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Davis musician Antoinette Clinton, who goes by her stage name, Butterscotch, is releasing her first EP this fall called “Perfect Harmony.” A music video directed by Robyn Twomey for the album’s title track is going to released online in a few weeks.
Butterscotch, who is known for her incredible beat-boxing, will be doing a lot more than just recording music. She will also be performing at the fifth annual Davis Jazz and Beat Festival on Oct. 22. The event will include her along with many other performers and will be located at 521 First St. in Davis.
In recent months, she has traveled to places as far away as Hong Kong and Germany.
“A lot has happened lately,” Butterscotch said, referring to her recent whirlwind of activity.
Growing up, Butterscotch lived in a musical household.
“My mother was a piano teacher, so I grew up playing piano,” she said. The rest of her family was also into music, exposing her to a variety of genres.
But despite having music all around her, Butterscotch didn’t fully immerse herself in music right away.
“I always loved music, but sports were No. 1 in my life,” she said. She played many sports, including soccer and basketball.
A knee injury in high school caused a shift in her focus toward music. After the injury, Butterscotch began attending Natomas Charter School, where she got involved with theater, visual arts and music, which she said changed her life.
Her first show was an open mic at the True Love Coffee House on K Street in Sacramento (now closed) during her junior year of high school.
“Anytime you do something for the first time, it’s a little nerve-wracking,” she recalled. Although not yet beat-boxing, Butterscotch was able to sing and play the piano and guitar.
Butterscotch began beat-boxing during her senior year after seeing local beat-boxer Leejay Abucayan. She turned out to be a natural and quickly became a beat-boxing sensation.
Starting in 2005, she won a string of beat-boxing competitions in the United States and Germany that started to raise her visibility and earn her respect in the beat-boxing community. Since then, she has been making her way up the musical career ladder.
In October of 2006, Butterscotch tried out for “America’s Got Talent” in Los Angeles after a friend suggested it to her.
“I never really watched reality TV shows,” she said, “but someone told me that I should do it. I thought, ‘What could be the harm in trying out?’ ”
After several months, the show responded to her and wanted her for the televised auditions. When she got there, she said, she had no idea what to expect.
“I don’t think I have ever been that nervous before,” Butterscotch said. But despite her nerves, she delivered what judge Sharon Osbourne called a “brilliant” performance and was given a place on the show.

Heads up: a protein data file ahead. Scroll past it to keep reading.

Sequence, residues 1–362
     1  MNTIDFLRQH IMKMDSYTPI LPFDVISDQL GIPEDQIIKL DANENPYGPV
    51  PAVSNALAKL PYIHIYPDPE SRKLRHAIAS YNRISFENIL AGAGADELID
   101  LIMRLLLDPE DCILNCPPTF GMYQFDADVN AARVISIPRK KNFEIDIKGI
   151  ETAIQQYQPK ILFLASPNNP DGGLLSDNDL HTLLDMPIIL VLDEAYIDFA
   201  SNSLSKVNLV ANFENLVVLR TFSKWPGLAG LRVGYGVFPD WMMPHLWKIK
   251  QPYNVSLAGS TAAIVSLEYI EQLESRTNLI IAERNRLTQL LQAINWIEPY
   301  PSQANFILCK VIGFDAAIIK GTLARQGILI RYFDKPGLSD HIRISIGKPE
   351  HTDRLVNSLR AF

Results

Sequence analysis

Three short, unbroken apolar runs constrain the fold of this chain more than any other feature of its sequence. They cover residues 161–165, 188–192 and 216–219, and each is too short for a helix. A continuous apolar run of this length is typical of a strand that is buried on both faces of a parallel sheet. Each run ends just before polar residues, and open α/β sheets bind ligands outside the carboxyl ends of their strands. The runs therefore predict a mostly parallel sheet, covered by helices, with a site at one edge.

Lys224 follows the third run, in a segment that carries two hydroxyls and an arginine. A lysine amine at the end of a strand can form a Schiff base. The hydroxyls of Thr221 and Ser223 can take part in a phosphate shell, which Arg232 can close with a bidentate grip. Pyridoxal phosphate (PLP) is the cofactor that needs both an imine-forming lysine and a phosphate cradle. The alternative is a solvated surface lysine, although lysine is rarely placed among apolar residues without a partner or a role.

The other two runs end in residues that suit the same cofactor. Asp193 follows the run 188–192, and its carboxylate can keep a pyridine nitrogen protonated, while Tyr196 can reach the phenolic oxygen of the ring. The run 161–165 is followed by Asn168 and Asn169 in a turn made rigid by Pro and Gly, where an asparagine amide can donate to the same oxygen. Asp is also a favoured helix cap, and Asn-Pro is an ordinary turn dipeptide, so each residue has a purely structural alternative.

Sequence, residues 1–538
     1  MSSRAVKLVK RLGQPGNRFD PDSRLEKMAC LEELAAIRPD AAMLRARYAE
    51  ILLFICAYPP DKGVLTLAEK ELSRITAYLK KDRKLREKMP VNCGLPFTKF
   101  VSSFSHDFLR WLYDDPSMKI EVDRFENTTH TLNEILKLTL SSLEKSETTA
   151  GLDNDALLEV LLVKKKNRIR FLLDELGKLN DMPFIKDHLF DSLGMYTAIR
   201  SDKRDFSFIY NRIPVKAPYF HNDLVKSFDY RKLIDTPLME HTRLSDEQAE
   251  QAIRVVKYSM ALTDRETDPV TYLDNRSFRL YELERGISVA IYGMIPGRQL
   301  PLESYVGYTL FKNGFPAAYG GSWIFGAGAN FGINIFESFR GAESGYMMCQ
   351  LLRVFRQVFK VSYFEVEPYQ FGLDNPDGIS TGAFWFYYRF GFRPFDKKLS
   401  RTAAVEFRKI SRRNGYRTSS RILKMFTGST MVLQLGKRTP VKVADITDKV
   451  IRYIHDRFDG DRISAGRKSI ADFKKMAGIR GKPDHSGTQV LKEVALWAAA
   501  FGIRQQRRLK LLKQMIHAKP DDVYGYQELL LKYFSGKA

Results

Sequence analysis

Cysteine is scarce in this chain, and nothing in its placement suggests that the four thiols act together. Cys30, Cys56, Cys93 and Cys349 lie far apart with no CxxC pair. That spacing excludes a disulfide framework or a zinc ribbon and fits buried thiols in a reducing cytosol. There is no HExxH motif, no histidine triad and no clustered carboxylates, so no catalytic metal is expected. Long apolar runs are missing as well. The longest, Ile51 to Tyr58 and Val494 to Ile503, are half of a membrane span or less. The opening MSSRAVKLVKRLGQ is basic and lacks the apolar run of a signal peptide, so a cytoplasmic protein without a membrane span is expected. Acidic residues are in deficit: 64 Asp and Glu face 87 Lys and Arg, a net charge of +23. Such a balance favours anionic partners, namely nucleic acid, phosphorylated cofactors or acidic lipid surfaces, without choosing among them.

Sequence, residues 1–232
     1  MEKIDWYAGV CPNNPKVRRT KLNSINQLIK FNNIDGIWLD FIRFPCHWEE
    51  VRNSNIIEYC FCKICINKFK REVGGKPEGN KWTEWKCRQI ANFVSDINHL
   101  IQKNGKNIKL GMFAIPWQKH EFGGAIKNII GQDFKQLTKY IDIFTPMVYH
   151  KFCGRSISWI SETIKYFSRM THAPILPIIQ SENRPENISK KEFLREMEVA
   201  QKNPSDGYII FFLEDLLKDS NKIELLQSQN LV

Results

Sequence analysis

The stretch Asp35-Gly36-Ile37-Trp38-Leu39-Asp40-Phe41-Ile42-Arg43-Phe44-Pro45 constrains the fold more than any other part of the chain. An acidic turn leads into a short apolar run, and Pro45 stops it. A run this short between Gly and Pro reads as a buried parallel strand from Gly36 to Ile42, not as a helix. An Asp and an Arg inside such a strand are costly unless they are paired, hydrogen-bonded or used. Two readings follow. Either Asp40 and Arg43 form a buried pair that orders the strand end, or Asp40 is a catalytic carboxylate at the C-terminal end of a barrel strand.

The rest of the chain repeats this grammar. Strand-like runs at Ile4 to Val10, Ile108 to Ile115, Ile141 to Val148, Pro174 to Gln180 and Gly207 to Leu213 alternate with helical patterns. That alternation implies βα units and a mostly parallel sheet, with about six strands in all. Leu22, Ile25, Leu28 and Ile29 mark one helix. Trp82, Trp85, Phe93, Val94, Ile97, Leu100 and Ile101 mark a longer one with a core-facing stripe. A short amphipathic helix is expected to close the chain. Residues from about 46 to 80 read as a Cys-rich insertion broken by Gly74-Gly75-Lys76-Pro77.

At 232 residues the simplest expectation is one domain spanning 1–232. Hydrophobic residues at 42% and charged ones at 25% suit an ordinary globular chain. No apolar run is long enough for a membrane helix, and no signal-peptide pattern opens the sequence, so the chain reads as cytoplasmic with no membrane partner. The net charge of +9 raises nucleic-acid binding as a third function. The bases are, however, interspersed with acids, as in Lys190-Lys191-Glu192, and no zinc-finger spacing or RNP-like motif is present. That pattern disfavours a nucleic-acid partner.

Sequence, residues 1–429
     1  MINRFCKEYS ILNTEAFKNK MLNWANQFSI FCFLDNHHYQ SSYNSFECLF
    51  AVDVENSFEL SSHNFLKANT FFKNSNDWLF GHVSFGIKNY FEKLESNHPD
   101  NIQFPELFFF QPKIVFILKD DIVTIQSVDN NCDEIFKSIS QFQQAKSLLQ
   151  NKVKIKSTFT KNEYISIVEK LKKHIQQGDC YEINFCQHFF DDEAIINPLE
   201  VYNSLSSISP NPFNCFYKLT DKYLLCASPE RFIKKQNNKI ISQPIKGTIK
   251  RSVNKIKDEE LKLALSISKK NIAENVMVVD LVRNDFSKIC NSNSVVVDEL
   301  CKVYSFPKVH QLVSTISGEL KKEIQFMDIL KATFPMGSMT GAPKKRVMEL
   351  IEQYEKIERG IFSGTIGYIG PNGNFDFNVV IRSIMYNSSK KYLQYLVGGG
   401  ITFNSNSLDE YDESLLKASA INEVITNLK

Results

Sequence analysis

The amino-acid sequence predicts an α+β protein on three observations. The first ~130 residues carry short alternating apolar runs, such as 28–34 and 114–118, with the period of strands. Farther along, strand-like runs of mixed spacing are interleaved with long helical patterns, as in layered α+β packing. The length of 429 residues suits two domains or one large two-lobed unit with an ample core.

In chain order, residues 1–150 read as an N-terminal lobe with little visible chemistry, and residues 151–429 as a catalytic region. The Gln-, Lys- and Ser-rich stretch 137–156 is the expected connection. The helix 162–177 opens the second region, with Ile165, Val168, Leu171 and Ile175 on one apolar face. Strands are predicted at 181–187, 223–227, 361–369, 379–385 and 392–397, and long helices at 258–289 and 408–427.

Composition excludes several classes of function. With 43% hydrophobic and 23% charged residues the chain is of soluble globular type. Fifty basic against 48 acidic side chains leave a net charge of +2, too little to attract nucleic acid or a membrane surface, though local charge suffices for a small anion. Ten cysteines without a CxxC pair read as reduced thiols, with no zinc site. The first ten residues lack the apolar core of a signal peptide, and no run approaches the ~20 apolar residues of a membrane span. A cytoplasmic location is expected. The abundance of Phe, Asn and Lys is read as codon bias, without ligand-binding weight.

After having performed several songs, from “It’s Your Thing” by the Isley Brothers to Sly and the Family Stone’s “Dance to the Music,” Butterscotch ended up coming in third place on the show.
“I think it definitely gave me a lot of confidence to pursue my ideas,” Butterscotch said about how the show changed her as a musician. “It got me back into piano, because I had kind of gotten stuck in a beat-boxing mode.”
She also said that the speed of the show “forced me to consolidate my ideas and come up with new things.”
After the show, Butterscotch became the subject of considerable attention.
“I would go to the grocery store and everyone (would start) saying something to me and start recognizing me,” she said.
She also said that she was frustrated with how the show had portrayed her.
“It made me out to be very very quiet and shy, so people would come up to me and be like, ‘You came out of your shell!’ and I would think, ‘You don’t really know me!’ ”
But this fame has also brought Butterscotch many new musical experiences. She has performed with a variety of famous musicians, the most noteworthy being Earth, Wind & Fire. She said that the performance was “one of the highlights of my life.”
Butterscotch’s numerous musical influences are eclectic. She said that while her mother and father listened to classical music and Motown, respectively, her siblings listened to hip hop and R&B. All of these styles influenced her growing up. In her “angry” teenage years, rock was also added to her repertoire.
All of these styles are apparent in her music.
“It’s kind of like my head is a just a music box,” she said. “I put things in through my ears, and whatever gets computed in my brain comes out in my mouth or my fingers when I play.”
While an official release date has yet to be set for her new EP, Butterscotch said that it should be out in October or November.
To stay up do date on Butterscotch, visit her website at butterscotchmusic.com.
Below is a video of Butterscotch playing the piano while beat boxing at the same time.